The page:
Dimensions for Elear DIY Cable Builders

Well...that escalated quickly.

Anticipating incoming Focal Elears, DIYers are already starting to ask about dimensions for cable swaps. Might as well do it while I've got them here.

The above photo shows the diameter of the connector housing at a girthy 9.67mm.

160812_Blog_ElearDIY_CapsuleHoleID

The entry hole in the Elear capsule housing is just over 10mm.

160812_Blog_ElearDIY_CapsuleHoleDepth

Depth of the hole is 10mm.

160812_Blog_ElearDIY_JackInterior

There is a detent in the hole. It appears to be a plastic part and pushes in with moderate effort. I can't get my calipers on it but I'd guess it's about 1.3mm in diameter and length.

160812_Blog_ElearDIY_DetentDiameter

There is an annular groove around the connector body to engage the detent. It's diameter is 8.67mm.

160812_Blog_ElearDIY_TSLength

The 3.5mm TS plug appears to be of normal size. I did confirm that the tip is hot and the sleeve is the return to ground.

160812_Blog_ElearDIY_ReanConnector

I tried to fit a Rean 3.5mm plug I had. It did seem to interfere slightly with the detent, but it did depress the detent and slide in all the way. The fit seemed really nice. I'd suggest the Rean NYS226BG.

SBAF member PoochZag posted that he contacted Focal for additional information and received this information:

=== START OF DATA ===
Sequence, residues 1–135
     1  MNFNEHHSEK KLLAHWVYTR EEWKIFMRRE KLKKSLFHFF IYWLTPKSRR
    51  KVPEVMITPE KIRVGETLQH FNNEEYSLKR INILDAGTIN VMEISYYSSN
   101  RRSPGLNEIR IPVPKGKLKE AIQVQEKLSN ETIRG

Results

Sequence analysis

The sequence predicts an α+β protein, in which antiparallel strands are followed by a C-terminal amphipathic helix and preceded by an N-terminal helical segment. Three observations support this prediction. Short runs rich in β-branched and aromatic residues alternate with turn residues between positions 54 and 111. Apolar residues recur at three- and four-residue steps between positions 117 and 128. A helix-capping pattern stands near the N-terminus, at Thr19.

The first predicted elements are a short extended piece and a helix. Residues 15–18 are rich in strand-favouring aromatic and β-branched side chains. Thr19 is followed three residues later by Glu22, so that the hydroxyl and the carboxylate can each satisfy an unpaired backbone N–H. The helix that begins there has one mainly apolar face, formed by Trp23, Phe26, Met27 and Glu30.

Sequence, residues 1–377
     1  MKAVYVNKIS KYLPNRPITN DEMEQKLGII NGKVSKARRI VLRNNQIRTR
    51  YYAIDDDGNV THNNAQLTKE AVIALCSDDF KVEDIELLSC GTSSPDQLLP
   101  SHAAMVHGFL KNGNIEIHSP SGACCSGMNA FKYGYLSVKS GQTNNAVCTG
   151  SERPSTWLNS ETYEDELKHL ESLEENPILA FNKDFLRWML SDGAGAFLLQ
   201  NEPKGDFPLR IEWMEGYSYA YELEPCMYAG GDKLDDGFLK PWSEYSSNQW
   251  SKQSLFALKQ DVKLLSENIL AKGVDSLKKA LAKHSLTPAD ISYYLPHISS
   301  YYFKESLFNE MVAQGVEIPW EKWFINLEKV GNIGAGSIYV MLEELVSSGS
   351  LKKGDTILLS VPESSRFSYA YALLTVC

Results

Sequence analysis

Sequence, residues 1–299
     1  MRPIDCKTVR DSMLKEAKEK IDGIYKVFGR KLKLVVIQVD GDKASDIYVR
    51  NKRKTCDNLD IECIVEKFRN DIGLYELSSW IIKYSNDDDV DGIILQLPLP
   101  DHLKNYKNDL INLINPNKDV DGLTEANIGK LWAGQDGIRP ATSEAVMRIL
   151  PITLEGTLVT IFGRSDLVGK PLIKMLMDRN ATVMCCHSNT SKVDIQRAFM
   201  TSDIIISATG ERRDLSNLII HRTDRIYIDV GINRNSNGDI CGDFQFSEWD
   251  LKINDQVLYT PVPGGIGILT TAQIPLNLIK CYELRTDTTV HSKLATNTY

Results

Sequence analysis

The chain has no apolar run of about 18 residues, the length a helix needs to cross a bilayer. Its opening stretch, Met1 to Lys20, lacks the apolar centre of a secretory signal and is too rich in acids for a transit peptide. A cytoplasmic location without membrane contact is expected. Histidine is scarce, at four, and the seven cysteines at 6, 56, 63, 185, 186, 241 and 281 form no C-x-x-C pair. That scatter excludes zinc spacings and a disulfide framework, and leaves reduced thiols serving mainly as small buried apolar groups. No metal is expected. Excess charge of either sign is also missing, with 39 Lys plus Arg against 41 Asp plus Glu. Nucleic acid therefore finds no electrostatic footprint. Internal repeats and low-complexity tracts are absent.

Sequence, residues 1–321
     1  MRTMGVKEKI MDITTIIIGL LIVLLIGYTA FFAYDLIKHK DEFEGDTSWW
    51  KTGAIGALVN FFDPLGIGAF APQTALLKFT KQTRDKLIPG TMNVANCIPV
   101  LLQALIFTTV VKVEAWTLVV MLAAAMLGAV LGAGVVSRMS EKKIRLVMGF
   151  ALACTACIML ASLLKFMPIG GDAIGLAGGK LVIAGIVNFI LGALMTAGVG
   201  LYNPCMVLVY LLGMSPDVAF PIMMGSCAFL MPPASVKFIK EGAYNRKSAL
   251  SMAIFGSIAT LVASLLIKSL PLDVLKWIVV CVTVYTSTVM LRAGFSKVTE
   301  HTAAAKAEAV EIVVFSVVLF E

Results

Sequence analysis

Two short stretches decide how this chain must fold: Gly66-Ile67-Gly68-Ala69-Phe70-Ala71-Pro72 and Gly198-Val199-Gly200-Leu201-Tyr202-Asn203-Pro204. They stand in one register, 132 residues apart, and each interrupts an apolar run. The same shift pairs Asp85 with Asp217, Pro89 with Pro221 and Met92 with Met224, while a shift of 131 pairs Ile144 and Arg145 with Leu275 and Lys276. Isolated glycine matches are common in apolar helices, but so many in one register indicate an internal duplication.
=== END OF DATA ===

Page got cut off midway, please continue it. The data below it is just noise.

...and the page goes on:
Thank you for your inquiry regarding our Focal Elear and Utopia headphones. On the Elear we are using a standard 3.5mm locking connector. The locking portion is a small ball bearing lock that engages into I small ring around the 3.5mm connector. I have included a picture to help explain this protocol.

Regarding the Utopia, we have changed the connectors on both ends. Due to the high quality of this headphone, we have decided to use brand name Neutrik and Lemo connectors. We are using the Neutrik connector on the source ¼” end and the Lemo connectors for the headphone connection. As per the electrical pin outs, I have only been able to play around with the prototypes up to this point.

We are just about to start shipping limited quantities of production models and will have more information in the future. What I can tell you is that we are using a two pin connector that only locks in one direction, and with the prototype units the positive lead was on the outside of the headphone. I’m sorry that I cannot provide any further information at this time, but as I mentioned, I will have more information as we are able to get more hands on with production models.

Happy soldering!

COMMENTS
deafdoorknob's picture

thanks Tyll!!

provided that the barrel fits, do aftermarket cables like the ones for Sony MDR-z7 or Beyerdynamics T1/5 G2 work? and would quality be compromised?

much thanks

ButtUglyJeff's picture

I just measured my Sony/Kimber cable, and my poor excuse for a ruler shows slightly larger then 10mm. They're quite chubby because they plug in and then spin on a the threaded barrel or the Z7 connector.